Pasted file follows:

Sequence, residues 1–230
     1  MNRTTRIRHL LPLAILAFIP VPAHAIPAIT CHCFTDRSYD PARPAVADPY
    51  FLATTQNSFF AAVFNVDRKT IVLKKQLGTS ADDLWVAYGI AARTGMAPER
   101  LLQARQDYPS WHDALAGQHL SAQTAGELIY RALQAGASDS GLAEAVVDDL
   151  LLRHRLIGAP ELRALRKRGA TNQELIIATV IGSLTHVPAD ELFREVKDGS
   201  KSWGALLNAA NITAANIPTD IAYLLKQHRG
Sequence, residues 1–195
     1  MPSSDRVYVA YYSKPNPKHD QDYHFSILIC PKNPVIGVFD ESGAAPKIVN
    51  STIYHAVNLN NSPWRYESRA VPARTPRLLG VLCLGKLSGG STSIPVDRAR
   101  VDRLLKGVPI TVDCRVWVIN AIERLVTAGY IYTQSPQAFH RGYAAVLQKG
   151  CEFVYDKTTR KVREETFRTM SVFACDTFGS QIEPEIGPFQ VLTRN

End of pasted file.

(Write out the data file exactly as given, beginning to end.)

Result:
Sequence, residues 1–230
     1  MNRTTRIRHL LPLAILAFIP VPAHAIPAIT CHCFTDRSYD PARPAVADPY
    51  FLATTQNSFF AAVFNVDRKT IVLKKQLGTS ADDLWVAYGI AARTGMAPER
   101  LLQARQDYPS WHDALAGQHL SAQTAGELIY RALQAGASDS GLAEAVVDDL
   151  LLRHRLIGAP ELRALRKRGA TNQELIIATV IGSLTHVPAD ELFREVKDGS
   201  KSWGALLNAA NITAANIPTD IAYLLKQHRG
Sequence, residues 1–195
     1  MPSSDRVYVA YYSKPNPKHD QDYHFSILIC PKNPVIGVFD ESGAAPKIVN
    51  STIYHAVNLN NSPWRYESRA VPARTPRLLG VLCLGKLSGG STSIPVDRAR
   101  VDRLLKGVPI TVDCRVWVIN AIERLVTAGY IYTQSPQAFH RGYAAVLQKG
   151  CEFVYDKTTR KVREETFRTM SVFACDTFGS QIEPEIGPFQ VLTRN